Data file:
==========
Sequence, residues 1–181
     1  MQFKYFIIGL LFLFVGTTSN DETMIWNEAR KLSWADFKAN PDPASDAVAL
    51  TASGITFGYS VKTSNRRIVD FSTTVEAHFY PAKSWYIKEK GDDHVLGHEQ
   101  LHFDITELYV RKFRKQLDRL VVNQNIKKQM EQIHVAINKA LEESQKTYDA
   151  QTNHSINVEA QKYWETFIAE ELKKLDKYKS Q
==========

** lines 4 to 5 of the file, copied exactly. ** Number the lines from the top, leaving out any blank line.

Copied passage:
   101  LHFDITELYV RKFRKQLDRL VVNQNIKKQM EQIHVAINKA LEESQKTYDA
   151  QTNHSINVEA QKYWETFIAE ELKKLDKYKS Q